Being smart might not be referred to as a choice in life. It comes naturally. In rare cases such as in Judith Polgar’s case; you can be smart when you go through the correct disciplines for being smart starting from childhood. However, factboyz brings to you ten smart people who truly possess intimidating genius abilities that will shock you.
1. Terence Tao (born 17 July 1975) is an Australian-American mathematician who has worked in various areas of mathematics. He currently focuses on harmonic analysis, partial differential equations, algebraic combinatorics, arithmetic combinatorics, geometric combinatorics, compressed sensing and analytic number theory. With an whooping IQ of 230, Terence Tao, 42, was teaching 5-year-olds how to spell and how to add numbers – he was 2. When he was just 10 years of age, he began participating in International Mathematical Olympiads and won a bronze in 1986, silver in 1987 and gold in 1988, becoming the youngest ever gold medalist in the Mathematical Olympiad. By the time he was 16, he had earned his Bachelor’s and Master’s degree – he got his Ph.D. at 20. He is currently a professor of mathematics at the University of California, Los Angeles.
2. Christopher Hirata: Hirata, was considered a child prodigy, at a young age of 13 years old he won the gold medal in 1996 at the International Physics Olympiad.He is reputed to have a verified IQ of 225! He studied physics at Caltech from the age of 14 to 18, graduating with a bachelor’s degree in 2001. He did research at the age of 16 for NASA on the colonization of Mars and received his PhD under the supervision of Uros Seljak in 2005 from Princeton University in Astrophysics (thesis: “Weak Gravitational Lensing Theory and Data Analysis”). From 2005 to 2007 he was a visiting scholar at the Institute for Advanced Study. From 2006 to 2012 he was assistant professor and then full professor at Caltech before moving to the Ohio State University the following academic year in the same capacity. He is currently a professor at OSU’s Center for Cosmology and AstroParticle Physics (CCAPP).
3. Kim Ung-yong: Kim was born on March 8, 1962 in Seoul, South Korea. His father was a physics professor and his mother was a medical professor. By the time he was one year old, Kim had learned both the Korean alphabet and 1,000 Chinese characters by studying the Thousand Character Classic! A 6th-century Chinese poem. At a young age of three years old, he was able to solve calculus problems, and he also published a best-selling book of his essays in English and German, as well as his calligraphy and illustrations. By the age of five, Kim could speak Korean, English, French, German and Japanese! NASA sponsored him to study physics at the University of Colorado when he was just 8 years old! In 2010, Kim criticized the idea that he is a “failed genius” and additionally said, “Some think people with a high IQ can be omnipotent, but that’s not true. Look at me, I don’t have musical talent, nor am I excelling in sports. […] Society should not judge anyone with unilateral standards – everyone has different learning levels, hopes, talents, and dreams and we should respect that.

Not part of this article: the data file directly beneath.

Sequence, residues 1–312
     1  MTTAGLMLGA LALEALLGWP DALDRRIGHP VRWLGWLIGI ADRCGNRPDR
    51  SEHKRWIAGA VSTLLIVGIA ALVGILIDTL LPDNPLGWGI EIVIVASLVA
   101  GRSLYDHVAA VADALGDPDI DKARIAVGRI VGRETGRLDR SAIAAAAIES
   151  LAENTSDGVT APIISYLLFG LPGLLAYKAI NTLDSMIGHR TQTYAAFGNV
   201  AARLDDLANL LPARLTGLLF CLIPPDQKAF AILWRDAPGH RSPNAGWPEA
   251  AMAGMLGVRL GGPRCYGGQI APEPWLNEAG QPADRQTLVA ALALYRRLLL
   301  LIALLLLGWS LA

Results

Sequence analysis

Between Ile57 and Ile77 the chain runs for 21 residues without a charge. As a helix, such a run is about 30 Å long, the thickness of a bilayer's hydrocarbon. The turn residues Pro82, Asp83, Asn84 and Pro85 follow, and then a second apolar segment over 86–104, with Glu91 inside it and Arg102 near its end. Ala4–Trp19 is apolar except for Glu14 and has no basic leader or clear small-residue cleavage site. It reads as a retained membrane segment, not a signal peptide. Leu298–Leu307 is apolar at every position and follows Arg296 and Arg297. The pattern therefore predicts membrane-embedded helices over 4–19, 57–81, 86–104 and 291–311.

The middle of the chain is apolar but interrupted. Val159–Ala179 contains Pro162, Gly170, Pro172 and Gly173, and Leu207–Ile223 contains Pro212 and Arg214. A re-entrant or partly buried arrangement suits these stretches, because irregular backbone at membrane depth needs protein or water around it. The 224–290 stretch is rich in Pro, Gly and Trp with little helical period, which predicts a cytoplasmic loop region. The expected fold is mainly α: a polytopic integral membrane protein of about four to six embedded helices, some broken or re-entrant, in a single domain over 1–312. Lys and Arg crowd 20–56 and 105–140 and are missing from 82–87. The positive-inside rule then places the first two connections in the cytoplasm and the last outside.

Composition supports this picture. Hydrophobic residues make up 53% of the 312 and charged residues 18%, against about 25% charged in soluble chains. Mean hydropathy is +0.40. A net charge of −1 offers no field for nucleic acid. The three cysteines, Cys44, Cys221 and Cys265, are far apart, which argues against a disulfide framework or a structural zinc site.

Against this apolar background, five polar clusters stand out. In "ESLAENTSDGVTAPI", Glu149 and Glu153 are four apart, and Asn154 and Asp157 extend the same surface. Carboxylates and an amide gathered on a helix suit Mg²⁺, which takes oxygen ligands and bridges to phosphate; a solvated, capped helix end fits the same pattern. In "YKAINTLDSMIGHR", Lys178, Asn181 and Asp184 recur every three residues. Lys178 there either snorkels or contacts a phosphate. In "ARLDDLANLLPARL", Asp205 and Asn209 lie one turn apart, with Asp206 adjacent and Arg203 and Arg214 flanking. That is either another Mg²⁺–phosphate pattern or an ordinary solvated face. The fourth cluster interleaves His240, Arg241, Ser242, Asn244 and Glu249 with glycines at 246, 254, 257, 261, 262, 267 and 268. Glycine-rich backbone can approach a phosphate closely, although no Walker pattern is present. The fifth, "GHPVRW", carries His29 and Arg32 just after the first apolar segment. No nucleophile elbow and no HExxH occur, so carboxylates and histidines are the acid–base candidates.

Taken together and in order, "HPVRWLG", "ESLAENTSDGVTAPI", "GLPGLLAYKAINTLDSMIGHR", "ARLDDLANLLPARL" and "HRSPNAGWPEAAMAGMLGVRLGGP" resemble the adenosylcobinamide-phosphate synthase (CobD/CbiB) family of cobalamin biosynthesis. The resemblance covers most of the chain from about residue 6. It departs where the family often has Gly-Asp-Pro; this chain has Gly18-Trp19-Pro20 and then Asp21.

4. Christopher Langan: Christopher Michael Langan (born March 25, 1952) is an American independent scholar known for his claim of having a very high IQ. Once known as the smartest man in America, has an IQ reported to be between 195 and 210. Langan scored a perfect score in SAT even thought he slept his way through the exam. This genius has developed a theory of the relationship between mind and reality which he calls the “Cognitive-Theoretic Model of the Universe”. Although he believes in God and the afterlife, Langan does not belong to any religious denomination, explaining that he “can’t afford to let [his] logical approach to theology be prejudiced by religious “dogma”
10. Edward Witten: He is a scientist recognized for his research contributions to string theory, M-theory, quantum gravity and supersymmetry. Born in Baltimore in 1951, Witten was originally a history major at Massachusetts’ Brandeis University, attaining his bachelor’s degree in 1971. Five years later he obtained a Ph.D. in physics from Princeton after first earning a master’s degree from the same school. Witten has been described as “the most brilliant physicist of his generation” and “the world’s greatest living theoretical physicist.” In 2004 TIME magazine included him on its annual rundown of the 100 most influential people in the world. Although he is a physicist, Witten has had a major effect on mathematics, and he has a slew of awards to his name, including the Fields Medal, the Dirac Prize, the Albert Einstein Medal and the Nemmers Prize in Mathematics. He is currently a professor at Princeton’s Institute for Advanced Study.